Assumptions
- part of a global network of repositories
- all media types
- searching and browsing equally important
- curated
- primary users UVa community, they do have restricted content
- they'd like to have all digital collections in this repository

Process
Phase I, 2003, prototype
- electronic texts from the library's special collections
- art architecture ...
- got a lot of feedback (130 comments), they categorized, ranked, prioritized them
- number one comment: have more stuff

Phase II, Fall 2004 (final for Fall 2006)
See her article in D-lib for information on testing.

What did it take?
Standards
- ad hoc group documented production standards for media files
- metadata steering group documented local encoding practice, minimum standards, mapped various standards to the local standard
- community digitization standards

Content production
- subject librarians select, with technical assessment (ease of production, need for metadata enrichment, time constraints such as instructional deadlines, funding)
- centralized digital library production service (w/7.5 FTE plus student "scanning monkeys")
- new software tools and scripts

Development
- working groups for functional requirements
- functional requirements and analysis of media files and metadata to document content models (classes of objects and behaviors and mechanisms)
- processes for ingest
- interface
- search

Technology

Developers
- they had no budget
- they borrowed people from other parts of the library

Library Content
- huge queue of stuff to be done
- science stuff (herbarium images, glass astro slides from the parallax project)

Faculty Content
- born digital
- digital humanities projects

Support- librarians, programmers

D. Stern - seems intimidating, but it only took 3 programmers 2 weeks to be able to add info

Posted by asistdaser at 3:10 PM EST
Marie Martens, BioMed Central: Open Repository
Mood:  spacey
(spacey as in dspace :) )

Notes by Christina Pikas

They are basically a hosting facility for Dspace for institutions that can't host in-house (openrepository.com).

Services
- complete set up within 3 months
- technical support
- hosting

In-house solution has a lot of hidden costs. They have predictable costs -- set-up and maintenance.

The hierarchy is communities and collections. She then went through what it looks like to upload papers and showed an example implementation at UConn.

According to Stevan Harnad, the trouble isn't setting up the software, it's getting the content. (he talked about http://www.eprints.org/, his product, which also offers hosting)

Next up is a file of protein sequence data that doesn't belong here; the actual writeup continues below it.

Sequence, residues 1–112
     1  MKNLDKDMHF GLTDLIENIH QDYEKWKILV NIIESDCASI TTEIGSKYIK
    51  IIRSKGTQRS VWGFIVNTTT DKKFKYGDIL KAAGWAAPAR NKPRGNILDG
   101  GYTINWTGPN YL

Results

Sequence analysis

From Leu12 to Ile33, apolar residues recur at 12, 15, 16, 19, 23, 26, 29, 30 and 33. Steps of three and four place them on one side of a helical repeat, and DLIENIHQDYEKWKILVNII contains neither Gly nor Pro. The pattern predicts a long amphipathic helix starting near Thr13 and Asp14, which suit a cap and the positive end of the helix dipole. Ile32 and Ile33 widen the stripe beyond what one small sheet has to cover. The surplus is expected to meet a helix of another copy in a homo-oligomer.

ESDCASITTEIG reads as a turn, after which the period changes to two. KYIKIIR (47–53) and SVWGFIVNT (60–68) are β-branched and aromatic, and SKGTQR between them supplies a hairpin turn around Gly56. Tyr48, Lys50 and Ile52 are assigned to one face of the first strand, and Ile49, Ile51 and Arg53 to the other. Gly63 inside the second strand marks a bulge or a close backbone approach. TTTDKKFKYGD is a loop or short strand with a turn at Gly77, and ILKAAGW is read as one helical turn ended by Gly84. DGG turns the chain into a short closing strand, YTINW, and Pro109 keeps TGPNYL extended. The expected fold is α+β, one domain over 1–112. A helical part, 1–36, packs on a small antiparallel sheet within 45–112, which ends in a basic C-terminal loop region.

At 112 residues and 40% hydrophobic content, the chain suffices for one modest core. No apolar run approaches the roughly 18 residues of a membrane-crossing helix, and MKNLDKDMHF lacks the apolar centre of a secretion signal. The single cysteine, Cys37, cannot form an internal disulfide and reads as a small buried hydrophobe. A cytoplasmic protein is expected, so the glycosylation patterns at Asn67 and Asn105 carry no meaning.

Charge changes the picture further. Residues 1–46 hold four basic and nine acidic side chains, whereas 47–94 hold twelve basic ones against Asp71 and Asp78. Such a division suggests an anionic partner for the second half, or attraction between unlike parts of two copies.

Question from Vivian Siegal - would I have to submit three times - to the journal, to the NIH repository, to my institution? -- no they have automatic feeds.




Posted by asistdaser at 2:29 PM EST
Mary Steiner, Penn Library: The Toddler Years for ScholarlyCommons@Penn
Mood:  chillin'
I've been forgetting to sign my posts so I will do it at the start and re-edit the others.
Notes from Christina Pikas
Steiner_120305

Why get into this business anyway?
(partial list, changes over discipline and over time)
- access to information, highlight student work, stable archives
- specific desire of a campus unit (at Penn, Eng.)
- campus climate (centralized, funding structure, top down vs. grassroots, relationship between IT/library/archives)
- improve visibility/stature of academic research and scholarly activity

Scope and Nature
- short term, where to start, pilot, seeding the repository
- long term, across campus, cooperation
- pilot: the best work from the School of Engineering & Applied Science, recent work, with the endorsement of the leadership

Implementation
- oversight (IT, cataloger, administration, license/copyright person from serials)
- they chose the PQ product to get a turn-key solution with less burden on library and university IT
- f/t only
- they took on the burden of copyright compliance (to encourage submissions without reading through and complying with extensive publisher-specific policies)
(according to Stevan Harnad, you can just put everything up, and make f/t only available to the institution where required, then provide author e-mail and suggest that outsiders send e-mail asking for e-print, then author can send an e-print from the repository)

Operations -- getting content
- submit via e-mail